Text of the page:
The High Court sitting in Akure, Ondo State, has fixed Tuesday, October 10, to give its ruling on two applications in the suit filed by the Deputy Governor of the state, Lucky Aiyedatiwa regarding the impeachment proceedings against him by the State House of Assembly.
The court, presided by Hon. Justice Akintan-Osadebay, had received arguments from both the petitioner and defendant before suspending the process till next week.
In the initial application, Aiyedatiwa is requesting permission from the court to amend the Originating Summons by removing the name of the Governor and altering the reliefs sought in the Originating Summons.
In the affidavit supporting the application, which was sworn on October 3, 2023, by an assistant to the Deputy Governor, it was stated that it is necessary to amend the Originating Summons in order to present the true issues in dispute between the parties before the court.
Although the Defendants did not submit a counter-affidavit to the aforementioned application, they did oppose it on legal grounds. While the counsel for the Deputy Governor requested a decision on the amendment application before proceeding further in the case, the court ruled that it would consider the amendment as well as the applications from the House of Assembly, which challenge the court’s jurisdiction.
The House of Assembly, through its counsel, filed a motion on notice dated September 29, 2023, challenging the competence of the substantive case of the Deputy Governor, relying on section 188(10) of the Constitution, which was said to oust the jurisdiction of the court.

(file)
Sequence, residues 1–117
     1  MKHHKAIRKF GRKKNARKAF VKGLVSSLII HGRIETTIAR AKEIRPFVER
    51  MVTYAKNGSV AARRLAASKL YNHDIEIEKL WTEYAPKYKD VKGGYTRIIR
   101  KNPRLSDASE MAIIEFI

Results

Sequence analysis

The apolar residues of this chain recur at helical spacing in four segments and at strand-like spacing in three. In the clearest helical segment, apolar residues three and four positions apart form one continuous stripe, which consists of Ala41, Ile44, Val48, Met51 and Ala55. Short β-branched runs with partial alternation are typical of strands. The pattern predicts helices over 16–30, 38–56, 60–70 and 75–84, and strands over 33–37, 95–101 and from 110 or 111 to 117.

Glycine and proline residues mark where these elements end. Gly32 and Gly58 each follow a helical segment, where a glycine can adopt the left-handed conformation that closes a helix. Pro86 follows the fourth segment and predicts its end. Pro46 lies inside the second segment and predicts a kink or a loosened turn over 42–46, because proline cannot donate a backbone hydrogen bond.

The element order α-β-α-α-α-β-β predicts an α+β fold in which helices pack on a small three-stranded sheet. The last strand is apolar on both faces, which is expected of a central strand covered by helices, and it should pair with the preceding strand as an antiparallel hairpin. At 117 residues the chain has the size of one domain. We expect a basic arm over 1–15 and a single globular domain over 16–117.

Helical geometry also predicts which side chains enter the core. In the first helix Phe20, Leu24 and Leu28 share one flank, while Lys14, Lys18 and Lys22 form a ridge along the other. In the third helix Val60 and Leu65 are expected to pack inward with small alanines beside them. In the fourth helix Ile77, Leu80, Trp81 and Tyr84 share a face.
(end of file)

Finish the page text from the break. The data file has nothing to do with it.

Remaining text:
They contended that the suit was premature since the Assembly had yet to conclude the proceedings of removal, especially when there was no request before the Chief Judge to constitute a panel of investigators.
The Assembly also contended that the Akure case constitutes an abuse of the process of the court because a similar suit was also filed in Abuja by the Deputy Governor.
The counsel for the Deputy Governor, however, prayed the court to discount the application of the Assembly because it amounted to a demurrer in law as they ought to have filed their defence and then raised all their preliminary points of law in their defence.
He argued that the court cannot conveniently take an application for an amendment along with a preliminary objection as the objection can only be based on the substantive suit that is to be amended. The normal procedure would be to take the objection together with the substantive suit, it was noted.
Opposing the objection of the Assembly, counsel for the Deputy Governor stated that the Assembly had not placed any material before the Court to indicate compliance with the procedure for removal from office, such as evidence of personal service of the Notice on the Deputy Governor and service on all members of the Assembly.
He stated that the Notice being circulated by the Assembly is invalid in law and also vitiated by the fact that the Assembly convened a plenary session on September 20, 2023, to discuss the Notice ever before the Deputy Governor was served.
He contended that the case in Abuja was between different parties and for different reliefs and that the Assembly had failed to supply details of the Abuja case to enable the court to make a comparison between that case and the Akure case.
He urged the court to dismiss the objection as lacking in merit. Having listened to arguments from both sides, the court adjourned further proceedings to October 10, 2023, for ruling.